Monthly Archive for: ‘June, 2016’

Mac1072 Cecile Mclorin Salvant Pr190 300dpirgb By John Abbott

Cecile McLorin Salvant – new jazz royalty

Cecile McLorin Salvant
Yoshi’s Oakland, San Francisco, CA, June 12, 2016

Since I last reviewed this internationally acclaimed jazz singer, she’s won a Best Jazz Vocal
Grammy Award for For One To Love and the Jazz Journalist Association Jazz Awards ‘Female Singer of the Year’. It’s all much deserved.

Salvant, who loves little heard songs from the 20’s and 30’s, brings a strong blues background to her eclectic style, evidenced on Blanche Calloway’s “Growlin’ Dan”. Her take on this bawdy tale of Minnie the Moocher finds Cecile eliciting deep guttural growls that come from deep within.  Her take on the racially sensitive “You Bring Out the Savage in Me” is playful and wild with Lawrence Leathers laying down a serious tribal rhythm.

Great American Songbook tunes like Frank Loesser’s “Never Will I Marry”, Rodgers and Hart’s “I Didn’t Know What Time It Was”, and “The Trolley Song” (Frank Blane/Hugh Martin) are recast into flighty jazz swings that move at sometimes dizzying speed. Aaron Deihl on piano, Paul Sikivie on bass and Lawrence Leathers sustain an impossibly high level of technique for each arrangement, matched by Cecile’s ultra-creative take on jazz vocals.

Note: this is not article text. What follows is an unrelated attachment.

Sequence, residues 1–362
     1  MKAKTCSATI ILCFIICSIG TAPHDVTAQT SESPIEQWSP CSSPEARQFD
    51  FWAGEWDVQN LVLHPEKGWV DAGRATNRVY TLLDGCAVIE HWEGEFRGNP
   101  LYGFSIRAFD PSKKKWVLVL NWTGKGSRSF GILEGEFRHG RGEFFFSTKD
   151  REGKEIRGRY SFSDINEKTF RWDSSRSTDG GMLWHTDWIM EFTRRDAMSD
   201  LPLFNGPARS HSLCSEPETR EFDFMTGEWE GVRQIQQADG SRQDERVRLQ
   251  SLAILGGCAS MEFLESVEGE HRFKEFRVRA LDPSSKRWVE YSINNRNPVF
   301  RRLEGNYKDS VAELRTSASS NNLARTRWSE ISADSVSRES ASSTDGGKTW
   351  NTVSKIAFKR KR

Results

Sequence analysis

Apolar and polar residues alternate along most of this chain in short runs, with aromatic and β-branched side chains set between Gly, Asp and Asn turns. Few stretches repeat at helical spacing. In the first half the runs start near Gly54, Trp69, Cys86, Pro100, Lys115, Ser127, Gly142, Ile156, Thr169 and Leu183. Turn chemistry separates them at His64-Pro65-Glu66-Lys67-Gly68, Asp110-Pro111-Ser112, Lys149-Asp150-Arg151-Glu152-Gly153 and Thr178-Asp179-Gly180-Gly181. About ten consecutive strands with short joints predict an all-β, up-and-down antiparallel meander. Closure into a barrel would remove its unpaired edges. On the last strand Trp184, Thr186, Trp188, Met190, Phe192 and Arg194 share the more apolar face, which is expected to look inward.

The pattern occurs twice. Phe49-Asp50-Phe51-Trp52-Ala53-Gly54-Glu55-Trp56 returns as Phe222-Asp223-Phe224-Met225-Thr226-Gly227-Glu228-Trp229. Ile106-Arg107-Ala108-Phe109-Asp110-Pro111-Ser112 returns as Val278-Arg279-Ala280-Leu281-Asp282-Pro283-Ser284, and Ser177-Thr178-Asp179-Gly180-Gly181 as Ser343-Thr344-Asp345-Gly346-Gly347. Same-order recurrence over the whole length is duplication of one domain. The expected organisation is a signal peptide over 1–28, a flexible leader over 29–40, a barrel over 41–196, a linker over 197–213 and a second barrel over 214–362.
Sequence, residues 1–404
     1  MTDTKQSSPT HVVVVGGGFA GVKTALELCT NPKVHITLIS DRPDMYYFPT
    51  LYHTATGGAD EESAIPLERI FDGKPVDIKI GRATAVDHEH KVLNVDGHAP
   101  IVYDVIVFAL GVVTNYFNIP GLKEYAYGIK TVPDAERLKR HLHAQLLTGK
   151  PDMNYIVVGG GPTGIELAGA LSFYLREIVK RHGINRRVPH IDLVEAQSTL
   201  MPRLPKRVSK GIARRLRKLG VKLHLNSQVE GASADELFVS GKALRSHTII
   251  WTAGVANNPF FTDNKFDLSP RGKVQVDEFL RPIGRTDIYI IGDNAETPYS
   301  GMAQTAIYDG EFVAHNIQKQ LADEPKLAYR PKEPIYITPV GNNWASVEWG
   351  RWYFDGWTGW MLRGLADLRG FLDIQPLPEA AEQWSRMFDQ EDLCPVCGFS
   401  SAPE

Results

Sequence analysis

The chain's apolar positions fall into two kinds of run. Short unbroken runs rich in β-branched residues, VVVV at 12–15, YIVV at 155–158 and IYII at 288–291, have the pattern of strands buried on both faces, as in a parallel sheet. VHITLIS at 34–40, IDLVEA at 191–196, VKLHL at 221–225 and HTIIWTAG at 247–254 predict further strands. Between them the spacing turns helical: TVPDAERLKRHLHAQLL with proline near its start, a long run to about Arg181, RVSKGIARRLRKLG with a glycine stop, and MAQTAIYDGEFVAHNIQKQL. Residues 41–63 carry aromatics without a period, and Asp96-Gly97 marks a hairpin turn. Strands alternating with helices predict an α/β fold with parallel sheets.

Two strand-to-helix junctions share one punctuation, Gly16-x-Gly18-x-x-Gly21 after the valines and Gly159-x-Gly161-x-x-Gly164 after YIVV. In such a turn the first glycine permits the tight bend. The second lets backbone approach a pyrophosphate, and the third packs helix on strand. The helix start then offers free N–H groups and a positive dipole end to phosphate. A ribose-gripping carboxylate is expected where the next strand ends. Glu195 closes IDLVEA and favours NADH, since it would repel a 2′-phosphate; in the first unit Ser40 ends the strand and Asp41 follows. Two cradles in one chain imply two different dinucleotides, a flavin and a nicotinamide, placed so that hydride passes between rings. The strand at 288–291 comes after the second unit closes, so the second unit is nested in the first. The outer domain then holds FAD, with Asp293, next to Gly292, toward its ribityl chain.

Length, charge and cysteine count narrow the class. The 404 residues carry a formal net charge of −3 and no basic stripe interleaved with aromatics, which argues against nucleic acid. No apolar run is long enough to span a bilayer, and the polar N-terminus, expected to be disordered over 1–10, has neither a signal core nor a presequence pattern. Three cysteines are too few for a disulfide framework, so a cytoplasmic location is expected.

Burt Bacharach and Hal David’s “Wives and Lovers”, a marital advice hit from the 70’s, gets a sly sarcastic rebuke from Salvant, who can’t possibly believe that wives should remain attractive and attentive to their chauvinistic hubbies. Her humor is also found on Sheldon Harnick’s witty “The Ballad of the Shape of Things”. Salvant accentuates the oblique geometric references (a garment thin/that fastens with a safety pin for a diaper) with to heighten the droll humor. Irving Berlin’s “The Best Thing for You (Would Be Me)” from Call Me Madam becomes a strong declaration of self-assuredness.

And Cecile McLorin Salvant is playing with a full deck of self-confidence. Her talent and maturity-beyond-her years has earned her both critical and commercial success. She and collaborators Aaron, Paul and Lawrence are setting a very high bar in the jazz world these days. More power to them.